Flying Car Crashes Into Wendy’s
When a person is eating outside of a fast food restaurant, they don’t usually expect to get hit by flying cars. However, this was recently the case in New Jersey, when a car accident occurred outside a Wendy’s in South Brunswick
On the afternoon of August 16, a Toyota Corolla exited Route 130, near Melrich Road, and went through a grassy area. It went past two utility poles and four trees.
The vehicle had gone over a berm and flipped vertically. It then crash landed into an Audi that was in the drive-thru line. The impact caused both vehicles to smash into the restaurant and outdoor dining area, narrowly missing a family having lunch.
The windows of Wendy’s were shattered. Miraculously, even though the restaurant was crowded, nobody inside was injured. Just two people suffered minor injuries. The driver of the Toyota was hospitalized in stable condition. A child inside the Audi complained of pain and was taken to a local hospital.
It is believed that the driver of the Toyota, a 57-year-old woman, suffered a medical emergency before the incident. She was wearing a seatbelt, which likely saved her life.
The building was severely damaged. The Wendy’s is now temporarily closed pending an examination.
Medical Emergencies While Driving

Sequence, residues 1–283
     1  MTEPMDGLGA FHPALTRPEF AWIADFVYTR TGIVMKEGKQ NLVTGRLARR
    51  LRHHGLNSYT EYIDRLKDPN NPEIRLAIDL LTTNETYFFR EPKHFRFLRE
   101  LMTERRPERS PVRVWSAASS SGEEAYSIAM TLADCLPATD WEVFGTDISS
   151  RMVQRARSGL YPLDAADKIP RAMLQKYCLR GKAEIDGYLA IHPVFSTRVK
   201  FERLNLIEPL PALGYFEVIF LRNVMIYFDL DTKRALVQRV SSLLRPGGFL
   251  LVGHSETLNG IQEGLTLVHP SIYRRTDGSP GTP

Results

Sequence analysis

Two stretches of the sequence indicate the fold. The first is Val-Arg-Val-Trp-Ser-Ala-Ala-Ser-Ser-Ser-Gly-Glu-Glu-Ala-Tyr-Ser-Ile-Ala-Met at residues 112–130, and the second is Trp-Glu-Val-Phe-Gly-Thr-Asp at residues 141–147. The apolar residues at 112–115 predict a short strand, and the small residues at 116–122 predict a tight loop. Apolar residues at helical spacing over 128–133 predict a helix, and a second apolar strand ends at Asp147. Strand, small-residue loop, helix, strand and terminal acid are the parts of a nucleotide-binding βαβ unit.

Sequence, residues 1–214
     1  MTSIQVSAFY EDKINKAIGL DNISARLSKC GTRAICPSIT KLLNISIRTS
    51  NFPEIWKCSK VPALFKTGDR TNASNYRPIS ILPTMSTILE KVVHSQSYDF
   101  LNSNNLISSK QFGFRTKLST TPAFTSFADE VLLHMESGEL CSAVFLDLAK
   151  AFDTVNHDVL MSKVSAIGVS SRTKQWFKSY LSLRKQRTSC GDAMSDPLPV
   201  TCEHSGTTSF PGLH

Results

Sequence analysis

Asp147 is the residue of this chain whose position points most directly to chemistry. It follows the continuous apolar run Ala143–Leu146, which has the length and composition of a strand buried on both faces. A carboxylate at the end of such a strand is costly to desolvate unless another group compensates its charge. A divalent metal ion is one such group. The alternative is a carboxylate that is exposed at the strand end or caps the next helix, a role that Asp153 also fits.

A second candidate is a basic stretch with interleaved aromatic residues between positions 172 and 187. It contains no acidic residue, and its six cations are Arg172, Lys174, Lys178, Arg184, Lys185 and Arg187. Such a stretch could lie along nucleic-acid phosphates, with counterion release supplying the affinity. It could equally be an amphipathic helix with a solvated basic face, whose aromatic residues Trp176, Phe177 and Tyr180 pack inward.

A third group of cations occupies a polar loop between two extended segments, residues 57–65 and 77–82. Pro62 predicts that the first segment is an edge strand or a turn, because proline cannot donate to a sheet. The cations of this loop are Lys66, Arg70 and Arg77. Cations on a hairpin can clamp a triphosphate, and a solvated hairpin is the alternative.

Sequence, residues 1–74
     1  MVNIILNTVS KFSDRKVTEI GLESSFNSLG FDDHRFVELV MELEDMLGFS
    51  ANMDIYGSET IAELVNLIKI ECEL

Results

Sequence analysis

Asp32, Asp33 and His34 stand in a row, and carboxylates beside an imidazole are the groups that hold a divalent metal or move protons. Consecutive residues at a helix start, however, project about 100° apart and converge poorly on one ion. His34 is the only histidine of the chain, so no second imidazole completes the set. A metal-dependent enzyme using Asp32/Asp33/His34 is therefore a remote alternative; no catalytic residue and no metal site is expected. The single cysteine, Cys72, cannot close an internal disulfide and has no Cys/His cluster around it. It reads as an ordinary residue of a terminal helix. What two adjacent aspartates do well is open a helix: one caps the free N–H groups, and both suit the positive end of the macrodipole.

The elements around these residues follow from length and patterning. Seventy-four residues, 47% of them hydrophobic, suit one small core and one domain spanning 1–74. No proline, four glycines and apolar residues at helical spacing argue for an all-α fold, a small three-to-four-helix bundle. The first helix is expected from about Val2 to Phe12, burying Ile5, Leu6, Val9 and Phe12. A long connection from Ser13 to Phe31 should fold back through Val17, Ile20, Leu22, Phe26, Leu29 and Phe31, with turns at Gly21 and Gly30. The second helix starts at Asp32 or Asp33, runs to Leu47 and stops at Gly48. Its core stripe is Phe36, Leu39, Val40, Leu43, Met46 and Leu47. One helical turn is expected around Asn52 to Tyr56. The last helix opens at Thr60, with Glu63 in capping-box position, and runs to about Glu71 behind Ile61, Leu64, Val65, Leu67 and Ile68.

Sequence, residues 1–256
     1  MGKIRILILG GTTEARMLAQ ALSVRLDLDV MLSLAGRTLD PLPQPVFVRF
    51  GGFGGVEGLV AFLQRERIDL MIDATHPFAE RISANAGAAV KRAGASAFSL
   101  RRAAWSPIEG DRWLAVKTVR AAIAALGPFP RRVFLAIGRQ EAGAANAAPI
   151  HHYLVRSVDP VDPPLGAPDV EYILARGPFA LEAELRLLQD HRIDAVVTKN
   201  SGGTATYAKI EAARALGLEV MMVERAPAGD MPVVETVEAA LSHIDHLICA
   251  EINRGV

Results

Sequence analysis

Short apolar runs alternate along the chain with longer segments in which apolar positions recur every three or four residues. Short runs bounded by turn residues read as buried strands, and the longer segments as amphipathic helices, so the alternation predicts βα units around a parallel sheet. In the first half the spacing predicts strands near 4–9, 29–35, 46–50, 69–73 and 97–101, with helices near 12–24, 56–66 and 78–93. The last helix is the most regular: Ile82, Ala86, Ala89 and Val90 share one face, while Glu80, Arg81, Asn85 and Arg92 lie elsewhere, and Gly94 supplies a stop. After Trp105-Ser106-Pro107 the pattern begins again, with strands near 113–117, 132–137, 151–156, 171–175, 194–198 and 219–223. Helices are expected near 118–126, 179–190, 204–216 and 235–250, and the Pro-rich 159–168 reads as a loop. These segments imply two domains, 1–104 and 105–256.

A person can suffer a medical emergency at any time—even while driving. A person can suffer a seizure or heart attack. They may become extremely dizzy. They may choke on food. They may lose consciousness and go into a coma.
When a person is driving at the time they are suffering from a medical emergency, though, the situation becomes even more dangerous. The driver is likely to lose control, as was the situation here. Many of these incidents cause serious injuries and even death. Fortunately, that was not the case in this situation.
You may wonder though: is the driver still considered negligent? The medical condition was likely beyond their control. Would they be at fault?
In order to be absolved of any negligence, the driver would have to prove all of these elements:
- They suddenly lost consciousness before the accident.
- They lost consciousness due to an unforeseeable medical emergency.
- This caused the driver to lose control of the vehicle.
If these three elements can be proven, the driver and their insurance company may be off the hook financially for any damages caused by the accident.
Contact a New Jersey Personal Injury Lawyer Today
Car accidents can happen in a variety of ways. Drivers can lose control for medical reasons and in other situations, causing serious crashes.
No matter how your accident occurred, seek legal help from the Morristown car accident attorneys at The Law Offices of Michael P. Burakoff. Schedule a free consultation by calling (973) 455-1567 or filling out the online form.